My sister emailed from Tuscany this week and told us that her hotel room had only skylights in the ceiling, but no windows.
Poor, poor thing.
Not that I’m jealous of her trips to the Italian markets or the daily gelato she’s eating (it’s a cultural experience) or the million Fiats surrounding her that she’s probably not even noticed.
Nope, not jealous. After all, working with university students is kind of like Tuscany, without the markets or gelato or million Fiats.
Anyway, it got me thinking, what with my poor sister’s hotel room being what she affectionately calls “the dungeon”. There is no sympathy because that dungeon is–let’s review–in Tuscany, but I did get to thinking about windows.
No gelato (boo hoo) in these parts, but boy-oh-boy, do I have windows.
Tuscany should pine for these windows:
Tall ones, paned ones, broken ones, curvey ones.
All vintage. All drafty, single paned and in need of regular painting, no doubt. Some with wobbly, bubbly glass that would have been good and rattly in a storm (or when you stomped down the stairs in a huff because you weren’t in Tuscany).
All forsaken for new, shiny, vinyl things. Bleech.
Some were abandoned, heartlessly at the side of the road, where, yippee, we picked them up. Yippee!
By “we”, I mean, Practical Man leaped out of the car while I clapped my hands in glee. Yippee! He is what you call the “strong, silent type”. Being the strong, silent type is perfect when you are asked to rescue another one of your wife’s collectibles, without the need to sigh or contribute snide remarks.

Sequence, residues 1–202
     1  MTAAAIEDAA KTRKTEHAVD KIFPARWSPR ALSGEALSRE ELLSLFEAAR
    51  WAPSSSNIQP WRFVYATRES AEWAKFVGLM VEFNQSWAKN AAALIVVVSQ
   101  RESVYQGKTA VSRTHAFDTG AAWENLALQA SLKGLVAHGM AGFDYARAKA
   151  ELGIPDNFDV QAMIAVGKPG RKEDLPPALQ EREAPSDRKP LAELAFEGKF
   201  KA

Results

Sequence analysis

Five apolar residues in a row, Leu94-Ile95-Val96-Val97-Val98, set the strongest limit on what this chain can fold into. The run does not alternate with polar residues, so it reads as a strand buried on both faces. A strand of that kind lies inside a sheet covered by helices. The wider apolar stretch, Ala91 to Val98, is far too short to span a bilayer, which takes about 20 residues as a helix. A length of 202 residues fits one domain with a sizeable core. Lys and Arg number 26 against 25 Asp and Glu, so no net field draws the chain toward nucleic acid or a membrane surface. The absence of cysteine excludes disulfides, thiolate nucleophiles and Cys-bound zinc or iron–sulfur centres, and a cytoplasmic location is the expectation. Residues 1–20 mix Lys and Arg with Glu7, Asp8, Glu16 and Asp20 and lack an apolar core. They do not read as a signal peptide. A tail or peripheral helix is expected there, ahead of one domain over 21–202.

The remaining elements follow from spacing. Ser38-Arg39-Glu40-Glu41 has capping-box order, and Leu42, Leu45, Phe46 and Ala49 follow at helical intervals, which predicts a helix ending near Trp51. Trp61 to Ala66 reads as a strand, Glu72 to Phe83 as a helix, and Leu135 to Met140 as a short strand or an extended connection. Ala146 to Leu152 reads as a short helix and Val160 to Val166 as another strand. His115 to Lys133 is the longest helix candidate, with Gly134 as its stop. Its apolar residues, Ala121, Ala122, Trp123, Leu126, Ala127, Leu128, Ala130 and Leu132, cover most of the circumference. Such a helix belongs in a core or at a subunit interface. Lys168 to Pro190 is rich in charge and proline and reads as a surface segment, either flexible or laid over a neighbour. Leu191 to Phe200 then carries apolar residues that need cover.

Apparently a little rolling of the eyes is permitted, however.
He may have been rolling his eyes, but he barely batted his incredibly long eyelashes recently when I bought two (more) vintage windows that we found, for a steal, at a sale.
Windows that my unfortunate, deprived sister doesn’t have in Tuscany, no siree.
I have big, big plans for these. Yep, I do. Uh huh.
Sometimes, I also buy doors (and then hang them sideways on the wall, because why wouldn’t you?)
Other times, I create a scene using bristol board, my giant box of craft paper and UHU glue (so I can regress to age 15 and pretend I am still in Germany eating Black Forest Cake for late afternoon snack.) Plus, UHU is so fun to say, especially if you say it the German way: OOOHOO!
Now you know: OOOHOO!
Then, I call it art and hang it up, boldly, as if I am an artiste.
This piece (real art is always called a “piece” isn’t it?) is called “Waiting for Ferdinand”. I was inspired by The Story of Ferdinand, the little bull who loved to smell the flowers.
I like to pretend I am a Spanish sinorita with a flower in my hair.
Ferdinand, Ferdinand, wherefore art thou, Ferdinand?
He doesn’t respond, except to say, “UHU!”
This next one doesn’t have a name. It’s from a time before I called things like this “pieces” and pretended to be an “artiste”.
I look at it while I’m trying to play Moonlight Sonata by Beethoven or the Apple commercial piano jingle. It makes me feel as if I’m playing wonderful music by the seaside from my home in a lighthouse.
Yes, my home in a lighthouse where I fly my hot air balloon to the mainland to get warm, fresh-from-the-oven baps and buy rhinestone sunglasses, once a week. Tra, la, la.
Sometimes, I just put windows on the fireplace and then add a bunch of empty antique frames and favourite, vintage books.
These make me smile but they make my friend Bamboo Guy’s wife, very, very puzzled. She doesn’t understand why every fireplace needs a copy of Peter Rabbit.
Sometimes, I’m not sure we can be friends.
Here is the view from our living room window these days: autumn in southern Canada.
That’s the pool shed: doesn’t it look quaint? It has great, old-fashioned windows.
Now, I just need some gelato and I’m all set.
More window ideas: http://eclecticallyvintage.com/2013/07/10-unique-repurposed-windows/